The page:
After the sorority recruitment process left 30 girls disappointed last year, Yale’s Panhellenic Council is considering adding a fourth sorority to Yale’s campus.
An exploratory committee convened this fall, which included members from all three Yale sororities, reported their findings to the Yale Panhellenic Council last week, recommending the addition of a fourth sorority. The council has not officially voted on the motion. While Jessica Leao ’16, vice president of Yale Panhellenic Council, said having three sororities — Phi Beta Phi, Kappa Alpha Theta and Kappa Kappa Gamma — on campus is considered by national standards to be relatively small, it has not previously been a problem at Yale.
“Up until last year, only one or two girls did not receive an invitation to join a sorority,” Leao said. “Whereas the most recent recruitment process turned away 30 girls — enough to fill a pledge class in another sorority.”
The number vying for a place in a sorority has been growing, according to Leao. In 2012-13, 199 girls signed up for the recruitment process, compared to 239 in 2013-14. Yen Truong ’15, vice president of Recruitment for Yale’s Panhellenic Council, said she feels strongly that anyone who wants to join a sorority should be given the opportunity. The addition of a fourth sorority would prevent a repeat of last year, she said.
Under this timeline, the new sorority would be in place for the opening of the new residential colleges. Truong said that the influx of female students from the new residential colleges will further strain the recruitment process.
Sarah Armstrong ’18 said the fourth sorority would provide more options for students during the recruitment process. As someone interested in pursuing a sorority membership, she said her current worry is there is not enough space for everyone.
Leao said the general consensus within the Greek community was that a fourth sorority would be a beneficial addition.
“As a sorority grows, there is less attention to individuals,” she said. “A fourth sorority would add another good community to campus, and generate more panhellenic spirit.”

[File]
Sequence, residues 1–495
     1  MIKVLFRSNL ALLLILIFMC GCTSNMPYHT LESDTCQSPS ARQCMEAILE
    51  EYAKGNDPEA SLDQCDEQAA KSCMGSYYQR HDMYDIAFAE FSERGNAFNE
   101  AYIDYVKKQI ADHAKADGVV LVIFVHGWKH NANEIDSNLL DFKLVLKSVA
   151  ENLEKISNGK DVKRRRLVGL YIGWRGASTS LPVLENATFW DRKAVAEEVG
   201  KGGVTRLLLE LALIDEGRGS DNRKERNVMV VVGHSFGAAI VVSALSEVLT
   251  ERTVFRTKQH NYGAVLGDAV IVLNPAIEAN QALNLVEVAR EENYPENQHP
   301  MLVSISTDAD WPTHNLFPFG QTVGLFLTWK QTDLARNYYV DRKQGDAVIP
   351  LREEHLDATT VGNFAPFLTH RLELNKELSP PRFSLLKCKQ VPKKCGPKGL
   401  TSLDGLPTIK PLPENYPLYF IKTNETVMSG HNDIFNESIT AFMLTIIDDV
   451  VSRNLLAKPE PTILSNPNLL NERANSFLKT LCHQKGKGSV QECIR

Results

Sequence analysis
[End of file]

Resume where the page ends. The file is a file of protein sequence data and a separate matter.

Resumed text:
However, other students interviewed said there is no need for another sorority like the existing three already on campus.
Kaylan Burchfield ’18 said she is not planning to join a sorority at Yale because the Divine Nine is not represented at Yale. The Divine Nine, according to Burchfield, is the name given to a collection of sororities and fraternities rooted in black heritage.
“Because I am an African American female, I do not believe that I can have the sisterhood that I am looking for or am familiar with seeing because my Greek ethnic group doesn’t exist here,” she said.
Samantha Angle ’18 said the residential college system means she also feels no inclination to rush a sorority. While not entirely opposed to the concept of Greek life, she said she has been able to find a strong social group without it.
Laurel Lehman ’17 agreed, saying that she had found a strong community of women in her all-female a cappella group, Proof of the Pudding.
“There’s plenty of overlap between Greek life and a cappella, to be sure — but for me, I found that Proof, in combination with some other groups on campus, more than provided the extent of a community I was looking for,” Lehman said.
Armstrong, who participates in a lot of freshman-oriented activities, said she hopes to find the same kind of community in a sorority.
“Most of my extracurriculars are freshmen specific — FCC, Freshmen in Service — so the idea of having a group that I would get to be apart of for my entire time here is definitely appealing,” she said.
Samantha Berenblum ’17, a sorority member, agreed with Armstrong, adding that her sorority has allowed her to contribute to various philanthropic activities and sisterhood events. Berenblum said the success of these events, in addition to a growing fraternity presence, has drawn more attention to Greek life at Yale.
If the Yale Panhellenic Council approves the movement, Leao said there could be a fourth sorority involved in next year’s official recruitment process, which will occur in the spring semester of the 2015-16 academic year.
“For now, we’ll be voting on whether to extend to a fourth chapter or not this semester, and from there we’ll open Yale’s campus to proposals that will come from nationals,” Leao said. “Over the course of the next calendar year of 2015, we would be bringing a fourth sorority to campus and going through informal recruitment to gather the first class of new members.”
Founded in 1985, Kappa Alpha Theta was the first sorority to arrive at Yale.